The windhover

by Eric Wagner

Name Travis Booms
Occupation Wildlife biologist
Age 33
Abode A cabin with an outhouse and no running water in Fairbanks, Alaska
Coldest temperature ever experienced
-72 degrees F, with -107-degree windchill, at the summit of the Greenland Ice Sheet
Fuel of choice Three king-sized candy bars per day, or five cases total, during one Greenland summer when he logged  700 miles of tundra hiking

When I first meet Travis Booms, he is hunched under the weight of two huge backpacks, which he has humped across more than six miles of dry, open tundra. Hiking on tundra is like hiking on thick memory foam: The ground only grudgingly yields distance. Without breaking stride, Booms says hello to me and excuses himself so he can stagger the last few yards to the lakeshore, where he slips the packs off, collapses onto his back, and calls out, "Honey, I'm hooooome!"

Home for Booms, from the end of June through early July, is the middle of the Yukon Delta National Wildlife Refuge, among a scatter of extinct volcanoes called the Ingakslugwat Hills. None of them is very tall, but the delta is so flat that The Volcanoes, as the hills are informally known, are the only suitable habitat for Booms' study subject, the gyrfalcon. Lest I get my hopes up, though, Booms warns me that the most I am likely to see of the raptor is a blur at the edge of vision, moving swiftly out of sight.

Alaska's totemic creatures are not usually so shy -- polar bears, caribou and salmon often frolic in front of cameras or hurl themselves upstream for documentaries. The gyrfalcon does none of these things. It lives only in Northern climes and rarely strays down to the Lower 48. It has three color variations, white, gray and dark. Almost all of Alaska's gyrfalcons are gray, and perhaps 40 live in the 300 square miles of The Volcanoes. This may not sound like a lot of gyrfalcons, but consider: You would have to search 3,000 square miles to find so many anywhere else in the world.

Booms, 33, is quiet and predisposed to solitude, with a field biologist's leanness and reserve. He grew up in Wisconsin and was studying Cooper's hawks at the University of Wisconsin-Stevens Point when, in 1998, he was asked if he wanted to go to Greenland to help with a peregrine falcon project as a last-minute substitute. Six days later he was on a military transport plane. "That summer," he says, "I caught my Arctic Bug." Although he was in the heart of gyrfalcon country, he didn't actually see one until two years later -- in a remote valley, white against gray granite, through a tatting of light snow. Smitten, he came to Bethel, Alaska, in 2002, to volunteer in the refuge. The refuge biologist told him of The Volcanoes and their gyrfalcons, noting that aside from the odd survey, the birds were basically ignored. Booms flew over and was, he says, "blown away." In 2004, he started his Ph.D. at the University of Alaska in Fairbanks, where he still lives.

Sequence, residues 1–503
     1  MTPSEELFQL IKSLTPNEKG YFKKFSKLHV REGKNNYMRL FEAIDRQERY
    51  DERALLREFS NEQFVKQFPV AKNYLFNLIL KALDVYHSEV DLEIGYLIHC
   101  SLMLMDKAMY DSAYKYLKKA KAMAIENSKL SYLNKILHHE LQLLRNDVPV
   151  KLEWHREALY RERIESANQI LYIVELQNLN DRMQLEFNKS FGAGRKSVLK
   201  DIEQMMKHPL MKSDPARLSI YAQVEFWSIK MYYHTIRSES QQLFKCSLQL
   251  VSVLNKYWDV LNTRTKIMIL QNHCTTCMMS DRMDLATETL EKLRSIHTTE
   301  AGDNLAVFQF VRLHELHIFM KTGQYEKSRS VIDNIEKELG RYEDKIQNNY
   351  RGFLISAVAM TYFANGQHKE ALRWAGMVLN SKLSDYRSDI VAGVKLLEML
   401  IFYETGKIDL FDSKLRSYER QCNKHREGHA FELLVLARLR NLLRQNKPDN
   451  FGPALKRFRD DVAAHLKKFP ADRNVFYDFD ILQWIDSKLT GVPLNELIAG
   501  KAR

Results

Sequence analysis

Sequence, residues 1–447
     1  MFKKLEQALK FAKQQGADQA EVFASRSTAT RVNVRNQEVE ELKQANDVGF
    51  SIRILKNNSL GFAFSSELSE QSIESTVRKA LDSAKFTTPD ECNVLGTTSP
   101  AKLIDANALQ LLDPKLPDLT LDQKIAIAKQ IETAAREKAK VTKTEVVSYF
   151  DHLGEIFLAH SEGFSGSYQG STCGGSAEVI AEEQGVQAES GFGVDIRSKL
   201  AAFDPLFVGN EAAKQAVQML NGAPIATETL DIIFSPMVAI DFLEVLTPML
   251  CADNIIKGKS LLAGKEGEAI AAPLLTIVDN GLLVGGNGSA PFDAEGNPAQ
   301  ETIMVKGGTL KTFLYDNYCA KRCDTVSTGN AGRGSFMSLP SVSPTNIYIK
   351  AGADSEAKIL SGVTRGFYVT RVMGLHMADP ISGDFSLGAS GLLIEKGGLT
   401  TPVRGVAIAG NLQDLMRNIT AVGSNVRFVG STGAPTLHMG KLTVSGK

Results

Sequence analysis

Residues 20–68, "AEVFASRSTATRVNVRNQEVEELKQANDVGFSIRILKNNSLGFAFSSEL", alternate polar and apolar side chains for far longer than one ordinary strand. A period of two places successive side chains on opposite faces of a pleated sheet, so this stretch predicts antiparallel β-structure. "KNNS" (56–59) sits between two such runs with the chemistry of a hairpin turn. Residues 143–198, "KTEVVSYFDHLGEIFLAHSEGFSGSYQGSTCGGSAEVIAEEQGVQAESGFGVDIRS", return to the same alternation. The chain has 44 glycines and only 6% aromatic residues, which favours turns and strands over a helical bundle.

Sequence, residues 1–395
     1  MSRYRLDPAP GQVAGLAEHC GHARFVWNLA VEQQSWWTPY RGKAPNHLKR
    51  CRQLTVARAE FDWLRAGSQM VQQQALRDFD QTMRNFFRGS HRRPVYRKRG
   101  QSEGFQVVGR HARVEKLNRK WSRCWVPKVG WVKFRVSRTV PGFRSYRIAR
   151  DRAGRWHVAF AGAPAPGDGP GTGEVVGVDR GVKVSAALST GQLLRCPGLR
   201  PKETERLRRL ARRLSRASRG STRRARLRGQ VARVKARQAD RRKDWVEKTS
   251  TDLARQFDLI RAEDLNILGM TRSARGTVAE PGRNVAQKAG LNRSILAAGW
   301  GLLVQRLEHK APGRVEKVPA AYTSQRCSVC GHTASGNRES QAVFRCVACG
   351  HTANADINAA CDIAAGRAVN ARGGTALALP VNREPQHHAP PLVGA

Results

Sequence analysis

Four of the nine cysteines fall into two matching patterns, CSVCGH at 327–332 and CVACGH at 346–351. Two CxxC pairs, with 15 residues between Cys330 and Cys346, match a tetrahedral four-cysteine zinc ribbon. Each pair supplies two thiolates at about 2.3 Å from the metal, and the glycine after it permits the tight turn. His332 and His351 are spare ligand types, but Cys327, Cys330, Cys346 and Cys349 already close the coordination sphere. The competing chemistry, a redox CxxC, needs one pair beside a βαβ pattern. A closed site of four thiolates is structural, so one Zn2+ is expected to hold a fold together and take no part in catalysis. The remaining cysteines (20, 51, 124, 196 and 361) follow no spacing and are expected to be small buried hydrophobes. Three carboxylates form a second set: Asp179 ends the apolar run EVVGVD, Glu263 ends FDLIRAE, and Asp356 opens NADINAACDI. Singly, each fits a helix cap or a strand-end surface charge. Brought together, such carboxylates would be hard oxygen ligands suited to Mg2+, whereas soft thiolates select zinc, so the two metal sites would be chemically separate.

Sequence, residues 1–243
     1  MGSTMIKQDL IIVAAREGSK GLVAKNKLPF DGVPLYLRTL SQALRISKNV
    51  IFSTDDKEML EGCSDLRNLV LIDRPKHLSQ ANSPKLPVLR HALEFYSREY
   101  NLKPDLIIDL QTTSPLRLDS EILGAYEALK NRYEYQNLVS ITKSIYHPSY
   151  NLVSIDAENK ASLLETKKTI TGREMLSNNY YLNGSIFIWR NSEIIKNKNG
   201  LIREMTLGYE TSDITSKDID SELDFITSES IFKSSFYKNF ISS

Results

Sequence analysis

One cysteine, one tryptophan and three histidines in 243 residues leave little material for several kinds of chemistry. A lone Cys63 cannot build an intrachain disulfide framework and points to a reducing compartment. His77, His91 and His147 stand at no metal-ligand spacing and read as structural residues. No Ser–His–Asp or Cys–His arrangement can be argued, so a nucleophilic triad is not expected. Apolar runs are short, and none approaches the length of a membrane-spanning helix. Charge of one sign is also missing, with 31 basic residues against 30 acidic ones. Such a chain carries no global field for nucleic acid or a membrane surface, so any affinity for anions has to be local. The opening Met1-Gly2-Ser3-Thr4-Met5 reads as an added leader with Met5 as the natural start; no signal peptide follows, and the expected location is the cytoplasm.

Studying gyrfalcons is grueling and often thankless work, and the sheaf of information on them is thin. "That's why I like it," Booms says. For his Ph.D., he worked to fill gaps in the birds' basic biology: whetherthey migrate, whether they nest in the same place each year, what they eat, how hard it is to find them. He spent three or four months at a time hiking prodigious distances across the open tundra, alone save for the occasional moose, visiting nest sites to which he gave colorful names: the Horseshoe (a three-quarter crater), 401K ("because when I first saw it, I thought it looked like a nice place to retire"), Devil's Tower ("you'll see").

Now, as a biologist with the Alaska Department of Fish and Game, Booms has a more urgent focus. The gyrfalcon is uncommon and its population might fluctuate from year to year, but it is generally stable. What concerns Booms is the raptor's long-term viability, especially in the face of climate change. It is too narrowly, perfectly, unfortunately suited to this tundra environment not to be affected by climate perturbations, and the surest way to detect those effects is to count all the birds, year after year. But counting all the gyrfalcons in The Volcanoes is not as simple as just counting all the gyrfalcons in The Volcanoes. You also have to know which one is which.

In any given year, Booms tells me, gyrfalcons will occupy 85 to 100 percent of the suitable territory in The Volcanoes, which sounds like a good thing. But if those gyrfalcons are different gyrfalcons from year to year, that would raise a red flag. We're walking near the Horseshoe, stopping at perches. At each, Booms riffles through tufts of grass, peers into rock crevices, and picks through the gore that litters the ground. He finds a feather and puts it in an envelope, which he tucks in his pocket.

At first, Booms  tried to capture gyrfalcons with nets, nooses and other conventional means. Sweltering in a blind, dogged by mosquitoes, he watched as, hour after hour, the birds ignored his ingenious efforts. He now puts a unique sequence of colored bands on each bird's leg when it's a chick (it's easier to catch then), but that isn't much better. Gyrfalcons have feathered tarsi -- what Booms calls their "pants" -- so even with binoculars the bands are difficult to see, much less read, particularly when the bird is in flight. Now he uses feathers to identify individuals; even small feathers have enough genetic material on them to give a DNA fingerprint.